For some weird reason, probably genetics, I have this habit of asking endless questions. I was never the ever obedient child. I must always know why am I being asked to do something before I actually do it, or why shoud I believe in a cause before joining a certain movement or believing in a specific idea. Sometimes I think, I probably was a scientist when I popped out of my mother’s womb. One of those things that I have kept on seeking answers about was religion.
There’s this curiosity that I tend to gravitate to about the concept of religion. I was raised as Catholic but all I understood about it back then was I have to go to church on Sundays or else I’ll go to hell or my sins will not be forgiven. That was a scary concept but that was how a child’s brain works. I actually find it funny that I used to think that way. I even had anxiety if I don’t attend Sunday service because I honestly thought that I’ll be brought to the underworld.
There are these rituals that we do inside the church. We sit, kneel, bow, memorize and recite prayers. We light a candle and wipe the image of saints with a handkerchief. Sundays were also fun because after mass our family would eat somewhere or visit my grandparents’ house. That was how shallow my understanding was. However, at an early age, I felt a sense of peace inside the church. Even now as an adut, I like the ambiance of it. I feel fascinated with how its environment can bring such calm.
Then I began asking questions, but for some reason, no one could answer them, or at least give me a hypothesis that I am satisfied with. When I pray, my overthinking mind asks me, “Girl, do you even know who you are talking to?” I couldn’t really grasp the idea of believing in God because I really don’t get it, I don’t see, feel, touch, or hear it. The first step I did was to try and understand the religon that I was in. I sang in the church choir every Sunday, I volunteer to be the one of the readers during mass service in our school. I also prayed and talked to the God that everyone was talking about.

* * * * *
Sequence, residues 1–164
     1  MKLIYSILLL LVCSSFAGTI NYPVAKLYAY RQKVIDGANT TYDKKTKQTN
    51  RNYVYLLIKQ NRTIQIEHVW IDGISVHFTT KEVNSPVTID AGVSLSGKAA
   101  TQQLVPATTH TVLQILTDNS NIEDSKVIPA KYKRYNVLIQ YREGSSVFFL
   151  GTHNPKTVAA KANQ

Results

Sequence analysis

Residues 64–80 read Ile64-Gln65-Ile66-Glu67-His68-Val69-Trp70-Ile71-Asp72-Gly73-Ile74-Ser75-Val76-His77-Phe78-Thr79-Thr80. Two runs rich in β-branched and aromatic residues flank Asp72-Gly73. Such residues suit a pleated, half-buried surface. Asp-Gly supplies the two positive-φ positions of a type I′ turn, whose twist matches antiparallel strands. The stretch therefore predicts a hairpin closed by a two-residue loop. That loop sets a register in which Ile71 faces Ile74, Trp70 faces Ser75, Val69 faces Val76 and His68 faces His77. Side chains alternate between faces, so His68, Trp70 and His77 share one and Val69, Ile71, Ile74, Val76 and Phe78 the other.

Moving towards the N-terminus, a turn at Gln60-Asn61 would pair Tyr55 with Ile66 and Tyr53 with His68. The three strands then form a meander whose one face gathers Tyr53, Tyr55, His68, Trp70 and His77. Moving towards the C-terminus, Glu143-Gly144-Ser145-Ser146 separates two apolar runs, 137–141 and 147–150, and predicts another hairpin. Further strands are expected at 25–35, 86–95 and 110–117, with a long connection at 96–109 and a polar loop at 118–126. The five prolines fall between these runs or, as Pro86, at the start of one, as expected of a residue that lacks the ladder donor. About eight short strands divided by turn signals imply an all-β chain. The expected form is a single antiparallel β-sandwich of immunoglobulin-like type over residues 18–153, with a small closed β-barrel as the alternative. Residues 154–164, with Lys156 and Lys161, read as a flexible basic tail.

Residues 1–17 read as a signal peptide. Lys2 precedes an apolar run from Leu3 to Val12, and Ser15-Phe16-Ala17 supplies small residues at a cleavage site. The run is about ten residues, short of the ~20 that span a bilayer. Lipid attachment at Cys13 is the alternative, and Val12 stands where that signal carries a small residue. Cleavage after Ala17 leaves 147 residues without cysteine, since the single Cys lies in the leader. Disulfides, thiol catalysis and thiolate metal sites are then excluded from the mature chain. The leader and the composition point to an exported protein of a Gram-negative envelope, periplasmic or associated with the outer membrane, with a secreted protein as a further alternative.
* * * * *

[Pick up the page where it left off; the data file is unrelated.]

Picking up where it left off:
I did all those because I was told that I should pray all the time because God makes the wish of good girls come true. I memorized the prayers, and even became the president of a school club that gives importance to God. Even though I still couldn’t wrap my head around the concept of God, going to church after classes brought a peace in me. I poured everything to the God that I imagined whenever I was in the church, a father figure with a beard and emanating light wherever he goes. I told God about our problems at home and the big choices that I had to make. I still don’t get it at that time, but believing that somewhere out there, someone is listening is a good feeling, and it brought me peace.
I went to college, and I tried to be the same prayerful girl. However, that was the time when my beliefs were not aligned with what the priests in the churces I go to were saying. For instance, I am a firm advocate of reproductive health bill, because of personally knowing women who are suffering because of having children even when they are not yet ready, and the child suffers too (Exhibit A: Yours Truly). As a woman I got really offended with some of the remarks of the priest and no matter what church I go to, the topic was the same. I have then gotten tired of going to church.
My aunt then invited me to a Born Again Christian Church, which was cool and fun. I met a lot of friends, and to be honest I enjoyed it because of the music. I started reading the Bible too. I loved Christian songs, and I was also given the chance to be part of the music ministry. But there are still preachings that I did not like at all, especially when I heard one pastor say that when you are gay, it’s like your soul is being burned while you are still alive. I knew at that moment that being in church is not for me.